• Greenberg Traurig is building up its bankruptcy practice, getting back the former co-chair of its restructuring practice, Bruce Zirinsky, who’s known for working on big airline restructurings. (American Lawyer)

  • The Corporate Legal Operations Consortium, which recently canceled its 2020 Vegas Institute scheduled for May, said it will host a series of 13 weekly webinars beginning in May. (Corporate Counsel)

  • Meanwhile, in-house lawyers are asking law firms to stop bombarding them with Covid-19 webinar announcements. (Corporate Counsel)

  • Lenders to AMC Entertainment Holdings Inc. hired Gibson Dunn & Crutcher to help advise them after the virus pandemic forced the chain to shutter its U.S. movie theaters. (Bloomberg News via BLAW)

Laterals, Moves

  • Winston & Strawn hired Seyfarth Shaw’s former commercial class action defense practice group chair, Dan Blouin, as a partner in Chicago. (BLAW)

  • Buchalter added insurance law shareholder Bradley Hoff, who becomes group chair of the firm’s insurance coverage practice. Hoff is based in Seattle and comes over from Foster Garvey, after spending over 25 years at Foster Pepper, including as chair of the insurance coverage group, and co-chair, professional recruiting committee. (Buchalter.com)

  • DLA Piper grabbed Paul Hastings litigation partner John Phillips as a partner in its northern California litigation practice, based in San Francisco. Phillips was Paul Hasting’s San Francisco office managing partner and previously its San Francisco litigation department chair. (DLAPiper.com)

  • Haynes and Boone added Silicon Valley business and tax attorney Roger Royse as a partner in Palo Alto. He’s bringing seven of the 27 attorneys who worked with him at the firm he founded, with the rest going elsewhere. Royse, who advises venture funds, mid-market companies and technology startups, spent three years as a Milbank associate earlier in his career. (HaynesBoone.com)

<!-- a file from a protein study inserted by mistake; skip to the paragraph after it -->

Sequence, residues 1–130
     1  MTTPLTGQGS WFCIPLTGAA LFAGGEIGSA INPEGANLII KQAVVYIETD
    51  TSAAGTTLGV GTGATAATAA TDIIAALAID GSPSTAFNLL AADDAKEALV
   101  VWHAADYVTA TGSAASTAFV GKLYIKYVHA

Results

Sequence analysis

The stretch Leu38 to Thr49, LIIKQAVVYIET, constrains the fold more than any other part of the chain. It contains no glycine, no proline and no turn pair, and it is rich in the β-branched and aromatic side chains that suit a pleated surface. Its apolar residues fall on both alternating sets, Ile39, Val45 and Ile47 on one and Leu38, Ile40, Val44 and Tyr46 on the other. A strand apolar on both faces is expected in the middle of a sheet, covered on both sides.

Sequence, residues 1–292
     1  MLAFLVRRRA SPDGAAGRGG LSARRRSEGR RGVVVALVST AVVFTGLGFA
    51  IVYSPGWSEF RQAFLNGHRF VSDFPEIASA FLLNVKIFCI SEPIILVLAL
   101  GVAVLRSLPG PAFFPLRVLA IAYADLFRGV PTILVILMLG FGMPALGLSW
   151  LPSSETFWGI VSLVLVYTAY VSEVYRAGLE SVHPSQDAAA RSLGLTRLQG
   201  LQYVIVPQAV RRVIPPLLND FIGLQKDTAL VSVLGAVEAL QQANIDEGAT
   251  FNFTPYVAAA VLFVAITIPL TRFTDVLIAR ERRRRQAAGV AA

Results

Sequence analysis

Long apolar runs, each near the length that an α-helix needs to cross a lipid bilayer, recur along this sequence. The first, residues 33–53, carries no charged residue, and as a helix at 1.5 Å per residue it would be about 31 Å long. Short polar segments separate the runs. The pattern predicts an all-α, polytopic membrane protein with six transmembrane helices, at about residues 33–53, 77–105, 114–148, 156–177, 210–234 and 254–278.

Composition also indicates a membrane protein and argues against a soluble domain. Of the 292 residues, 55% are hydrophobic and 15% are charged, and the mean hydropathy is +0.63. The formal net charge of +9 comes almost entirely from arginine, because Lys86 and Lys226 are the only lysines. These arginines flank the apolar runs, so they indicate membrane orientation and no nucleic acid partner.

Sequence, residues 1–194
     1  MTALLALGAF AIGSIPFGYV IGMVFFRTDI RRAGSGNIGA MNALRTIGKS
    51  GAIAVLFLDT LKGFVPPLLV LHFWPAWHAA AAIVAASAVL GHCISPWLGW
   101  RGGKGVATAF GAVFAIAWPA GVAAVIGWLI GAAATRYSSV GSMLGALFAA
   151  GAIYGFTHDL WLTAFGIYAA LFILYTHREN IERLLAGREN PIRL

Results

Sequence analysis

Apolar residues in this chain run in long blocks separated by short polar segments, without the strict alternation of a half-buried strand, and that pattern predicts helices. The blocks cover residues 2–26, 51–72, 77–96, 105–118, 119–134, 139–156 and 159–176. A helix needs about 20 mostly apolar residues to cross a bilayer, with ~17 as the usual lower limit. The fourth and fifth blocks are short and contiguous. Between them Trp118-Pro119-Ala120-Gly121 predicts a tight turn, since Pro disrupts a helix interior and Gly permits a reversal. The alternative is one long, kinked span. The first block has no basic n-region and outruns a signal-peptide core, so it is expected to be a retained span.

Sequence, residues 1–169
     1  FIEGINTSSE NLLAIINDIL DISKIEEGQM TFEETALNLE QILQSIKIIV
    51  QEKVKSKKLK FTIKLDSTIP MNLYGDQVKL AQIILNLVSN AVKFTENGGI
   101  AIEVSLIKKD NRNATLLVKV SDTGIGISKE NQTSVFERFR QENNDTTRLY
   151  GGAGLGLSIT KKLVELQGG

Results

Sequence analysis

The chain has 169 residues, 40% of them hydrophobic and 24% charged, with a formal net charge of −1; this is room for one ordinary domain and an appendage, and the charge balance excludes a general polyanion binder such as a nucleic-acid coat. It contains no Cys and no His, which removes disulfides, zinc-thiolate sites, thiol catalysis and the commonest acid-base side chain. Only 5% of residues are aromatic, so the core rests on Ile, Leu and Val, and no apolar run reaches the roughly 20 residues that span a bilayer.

• Fox Rothschild added tax & wealth planning lawyer Scott A. Lavin as a partner in New York. He was previously a partner at Robinson Brogg. (FoxRothschild.com)

  • Nelson Mullins Broad and Cassel said litigation attorney Terrance W. “T.W.” Anderson, Jr. joined the firm as a partner in Boca Raton. He joins from Gray Robinson, where he was a shareholder. (NelsonMullins.com)

In-house

  • Office staffing company Kelly Services Inc. promoted VP and chief transactional officer Janis Acosta to interim general counsel. Acosta, who’s been a Winston & Strawn corporate partner and in-house leader at major companies, replaces senior vice president and chief legal officer Hannah Lim-Johnson, who left the company. (StaffingIndustry.com)

  • New York-based fintech start-up Carver Edison hired veteran investment industry in-house leader Gregory Barton as its first-ever general counsel. (Corporate Counsel)

Technology

  • As law firms attempt to compete with more nimble alternative legal service providers, and legal arms of Big Four accounting giants, some are expanding their capacity to communicate with clients by implementing Web-based collaboration platforms such as HighQ, Microsoft Teams, Slack, and others. (LegalTechnews.com)

  • Document technology company Litera acquired Levit & James Inc.’s Best Authority, a “table of authorities” product that can play an important part in litigation. (LegalTechnews.com)

  • Law students are using a section on online forum Reddit-- r/LawSchool--to discuss their school’s grading policies, and share concerns and advice amid the Covid-19 outbreak. (Law.com)

To contact the correspondent on this story: Rick Mitchell in Paris at rMitchell@correspondent.bloomberglaw.com

To contact the editors responsible for this story: Rebekah Mintzer at rmintzer@bloomberglaw.com; Darren Bowman at dbowman@bloomberglaw.com

To read more articles log in. To learn more about a subscription click here.